There is a surge in cases of childhood diabetes. How do you suggest that we as a nation curb this trend?
The type of diabetes that is on the rise in children is type 2, which is directly related to rising obesity rates.
Which foods, if any, do you simply refuse to eat due to their negative health impact?
Hmm... I try not to think about foods in this way. I think most foods (even the most decadent) can be enjoyed in moderation. I eat (and enjoy) small amounts of dark chocolate several times each week. But I honestly cannot remember the last time I drank a regular soft drink. And I rarely drink diet soft drinks.
What are the best/worst trends you currently see in the average child’s diet?
- Best: Bottled water is now trendy, kids are starting to “get it” about nutrition and fitness and I have learned that they love to cook. Cooking with kids is a great way to introduce them to new, healthful foods that they will definitely try!
- Worst: Too few servings of fruits, vegetables, whole grains, beans, nuts and low-fat dairy products.
You get to be queen for a day and as part of being queen you get to mandate three changes to the American diet, what would they be?
- A return to healthful, shared family meals.
- More emphasis on fresh, locally grown (when possible) plant-based foods such as fruits, vegetables, nuts, beans, and whole grains.
- Better beverage control: 2-3 cups of 1% or non-fat milk, one serving 100% fruit juice, and as much water as needed to quench thirst.
- (I’m the queen so I get to add this one): Americans of all ages would discover how much better they feel when they move, play and exercise on a regular basis.
How prevalent are eating disorders among young girls?
Estimates vary, but it is believed that approximately five percent of women will experience some type of eating disorder in her lifetime.
What can parents and educators do to reduce cases of eating disorders?
We should focus on eating well and enjoying food. Parents (particularly mothers) are powerful role models and should not obsess over food, nutrition or body image. Our focus really needs to be on normalizing eating, which addresses both obesity and eating disorders.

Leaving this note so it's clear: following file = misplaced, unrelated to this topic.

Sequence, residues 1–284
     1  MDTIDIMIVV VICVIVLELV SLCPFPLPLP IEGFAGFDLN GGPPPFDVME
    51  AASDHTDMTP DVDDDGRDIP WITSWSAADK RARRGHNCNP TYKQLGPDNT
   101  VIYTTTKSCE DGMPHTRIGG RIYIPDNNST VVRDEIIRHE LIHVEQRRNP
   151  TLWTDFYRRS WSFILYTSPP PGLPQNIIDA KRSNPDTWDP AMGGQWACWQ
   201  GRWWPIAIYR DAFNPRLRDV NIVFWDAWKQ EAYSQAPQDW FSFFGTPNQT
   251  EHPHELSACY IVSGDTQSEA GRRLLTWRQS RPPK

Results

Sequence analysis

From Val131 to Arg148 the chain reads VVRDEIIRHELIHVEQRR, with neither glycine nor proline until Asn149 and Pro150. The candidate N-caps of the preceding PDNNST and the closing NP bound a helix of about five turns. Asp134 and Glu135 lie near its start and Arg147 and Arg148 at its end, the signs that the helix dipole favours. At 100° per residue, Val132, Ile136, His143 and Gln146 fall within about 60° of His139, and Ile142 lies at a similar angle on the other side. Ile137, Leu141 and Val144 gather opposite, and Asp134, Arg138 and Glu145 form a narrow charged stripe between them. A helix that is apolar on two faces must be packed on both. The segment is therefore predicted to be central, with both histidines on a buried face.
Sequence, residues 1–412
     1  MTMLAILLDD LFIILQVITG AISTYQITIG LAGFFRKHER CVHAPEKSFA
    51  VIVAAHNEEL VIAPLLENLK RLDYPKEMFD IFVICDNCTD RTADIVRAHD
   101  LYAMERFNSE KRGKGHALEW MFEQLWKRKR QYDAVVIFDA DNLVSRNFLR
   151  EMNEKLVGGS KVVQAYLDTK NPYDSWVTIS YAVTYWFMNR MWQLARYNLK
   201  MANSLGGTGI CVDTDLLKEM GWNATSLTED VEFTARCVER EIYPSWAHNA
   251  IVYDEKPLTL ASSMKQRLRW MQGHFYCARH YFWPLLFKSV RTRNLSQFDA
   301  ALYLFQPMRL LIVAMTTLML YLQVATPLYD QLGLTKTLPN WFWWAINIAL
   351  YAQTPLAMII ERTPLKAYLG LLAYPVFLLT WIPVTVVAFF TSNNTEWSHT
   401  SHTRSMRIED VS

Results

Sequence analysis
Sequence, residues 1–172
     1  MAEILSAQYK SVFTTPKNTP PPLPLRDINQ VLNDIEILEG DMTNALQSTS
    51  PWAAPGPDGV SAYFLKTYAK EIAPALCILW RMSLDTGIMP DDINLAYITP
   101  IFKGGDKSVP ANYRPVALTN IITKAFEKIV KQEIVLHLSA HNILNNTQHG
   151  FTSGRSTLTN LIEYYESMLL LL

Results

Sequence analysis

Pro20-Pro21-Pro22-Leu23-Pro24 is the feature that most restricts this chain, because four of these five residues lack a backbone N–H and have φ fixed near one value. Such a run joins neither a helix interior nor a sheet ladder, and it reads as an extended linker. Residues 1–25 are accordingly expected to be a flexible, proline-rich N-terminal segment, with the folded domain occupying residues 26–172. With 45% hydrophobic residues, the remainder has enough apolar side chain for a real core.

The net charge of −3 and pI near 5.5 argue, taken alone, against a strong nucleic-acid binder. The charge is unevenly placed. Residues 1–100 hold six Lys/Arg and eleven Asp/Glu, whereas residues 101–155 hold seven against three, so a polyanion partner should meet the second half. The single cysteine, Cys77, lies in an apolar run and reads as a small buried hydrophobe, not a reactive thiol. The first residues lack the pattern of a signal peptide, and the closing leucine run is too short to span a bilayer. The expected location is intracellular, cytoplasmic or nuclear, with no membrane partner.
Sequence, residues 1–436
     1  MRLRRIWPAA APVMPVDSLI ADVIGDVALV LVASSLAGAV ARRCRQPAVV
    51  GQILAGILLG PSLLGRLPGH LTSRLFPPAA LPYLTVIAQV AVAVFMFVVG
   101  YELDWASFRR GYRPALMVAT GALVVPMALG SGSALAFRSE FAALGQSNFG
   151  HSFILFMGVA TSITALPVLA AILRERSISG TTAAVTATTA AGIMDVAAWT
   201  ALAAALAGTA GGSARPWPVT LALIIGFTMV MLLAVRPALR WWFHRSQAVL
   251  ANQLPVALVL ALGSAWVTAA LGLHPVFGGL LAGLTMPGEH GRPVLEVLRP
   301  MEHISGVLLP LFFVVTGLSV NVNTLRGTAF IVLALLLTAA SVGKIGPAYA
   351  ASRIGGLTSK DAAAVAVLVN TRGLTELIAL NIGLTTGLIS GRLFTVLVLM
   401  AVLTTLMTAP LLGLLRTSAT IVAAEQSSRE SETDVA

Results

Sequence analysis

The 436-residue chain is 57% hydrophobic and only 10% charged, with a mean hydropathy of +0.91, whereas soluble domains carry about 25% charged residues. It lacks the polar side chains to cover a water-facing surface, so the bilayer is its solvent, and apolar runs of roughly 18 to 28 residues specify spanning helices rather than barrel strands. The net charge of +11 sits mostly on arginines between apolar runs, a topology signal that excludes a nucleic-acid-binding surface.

Are their significant differences in the nutritional needs of girls versus boys?
As children approach puberty, there are significant changes in growth and development. I always like to point out to parents that growth patterns are different between the sexes. In girls, it is normal to add a few extra pounds prior to a spurt in height. In boys, the timing seems to be more synchronized (height and weight increases occur at the same time).
This is a big topic, which I don’t think I can completely address here.
Regarding infant nutrition, what are we doing right and what are we doing wrong?
- Right: Breastfeeding is on the rise. We need to continue to encourage woman to breastfeed but make sure we are not judgmental or preachy about it. Any breastfeeding is good and if a woman can breastfeed for the entire first year, that is spectacular.
- Wrong: This is anecdotal, not scientific: I have observed babies with soft drinks, fruit punch and other sweetened beverages in their baby bottles. Not only are they missing out on the nutrients they need, they are at high risk for tooth decay and are forming very bad habits.
Let’s play a little word association. I’ll give you a word and you tell us what you think about it in relation to children’s nutrition.
- Soda: One of the worst culprits in the decline in children’s nutrition habits.
- McDonald’s: Their goal is to sell their brand to children practically from birth. Very slick marketers!
- Video games: Not only sedentary, but psychologically addictive. Without parental controls, kids will literally sit at the computer for hours!
- Sweetened cereal: “Sugar with vitamins added.” HINT: Kids will eat the non-sweetened varieties if that is what the parents purchase. (As a mother of three, I know this from experience!)
The best way to teach nutrition to kids…
Is for adults to model positive health habits. This message is often difficult for parents, caregivers, and educators to hear because it often requires them to make significant personal changes. Whether we like it or not, children learn more by watching our behaviors and less by listening to what we say.